15 Read more
Bread is one of the most widely consumed food products in the world. It has relatively low cost and gives some of the nutrients missing in majority of carbohydrate foods (Foster, 2008). Bread is mainly produced from wheat flour since it was introduced as food in the nation. Yeast- raised bread is highly favoured worldwide because of its desirable sensory attributes. Quality attributes such as large loaf volume and fine, even crumb texture require formation of a well developed, elastic dough structure. This is made possible by the quantity and quality of the wheat flour proteins, gliadins and glutenins, collectively known as gluten (Shukla, 2001). The concept of blending
11 Read more
caused by the fact that fine particle size flours retain more water than coarse particle size flours; hence, there is less water available, which would hinder swelling of starch granules. Similar behaviour was reported by Lauková et al. (2017) when studying the effects of cellulose fiber length on the rheological properties of wheat dough, and by Blanco Cana- lis et al. (2019) when analyzing the incorporation of dietary fiber in cookie dough. The swelling of starch is greatly dependent on the water available in the medium, which controls the gelatinization behavior (León et al. 1997). In the system used in this study, a limited amount of water was available for the starch gelatinization, thus different effects were exerted by the particle size. This modification is the one that can occur in the wheat dough during bread making. In contrast to our results, Wang et al. (2017) studied the effects of particle size on the qual- ity attributes of reconstituted whole grain wheat flour, and showed lower C3 values. Liu et al. (2016) studied reconstituted whole grain wheat flour, and reported smaller values of C3 with respect to RF, but without a significant difference in the variation in particle size. The results herein showed that the WG can exhibit adverse behavior related to particle size, reaffirming the hypothesis by Drakos et al. (2017), that stated that the complexity of the flour matrix and the milling parameters, are important for gel formation as they define the interactions between the various constituents and water.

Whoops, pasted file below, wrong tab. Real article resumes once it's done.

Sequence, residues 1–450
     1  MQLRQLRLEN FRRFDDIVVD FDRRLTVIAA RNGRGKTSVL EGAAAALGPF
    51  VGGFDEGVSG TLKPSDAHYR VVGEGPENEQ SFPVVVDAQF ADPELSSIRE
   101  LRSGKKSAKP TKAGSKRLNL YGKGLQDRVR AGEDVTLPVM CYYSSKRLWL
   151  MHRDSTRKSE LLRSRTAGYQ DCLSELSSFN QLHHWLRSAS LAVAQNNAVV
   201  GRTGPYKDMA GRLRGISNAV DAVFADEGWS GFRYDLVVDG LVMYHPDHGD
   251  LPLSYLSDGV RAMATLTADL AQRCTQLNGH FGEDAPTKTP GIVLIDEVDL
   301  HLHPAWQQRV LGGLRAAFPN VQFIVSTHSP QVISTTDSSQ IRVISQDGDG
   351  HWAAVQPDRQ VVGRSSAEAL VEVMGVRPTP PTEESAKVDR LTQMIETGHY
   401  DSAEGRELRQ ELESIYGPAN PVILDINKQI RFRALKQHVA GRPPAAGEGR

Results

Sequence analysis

quality,Y3=Foldability, Y4=Overall acceptances. The xi coded independent variables [x1 = avocado fruit pulp (%), x2 = water (%), x3 = wheat flour (%)]; βko it represented value of the fitted response at the center point of design, βki, βkii and βkij were quartic linear and cross-product regression coefficients, separately. The sign and extent of these coefficients related to an autonomous element depicted this course and level of this relationship of different fixings with sensory attributes. The reaction surfaces were created for the connection of any two ward factors while holding the estimation of the third factor as consistent (at the central value). Such three-dimensional surfaces could give precise geometrical portrayal and give valuable data about the conduct of the framework inside the experimental design. The decency of fit was controlled by the absence of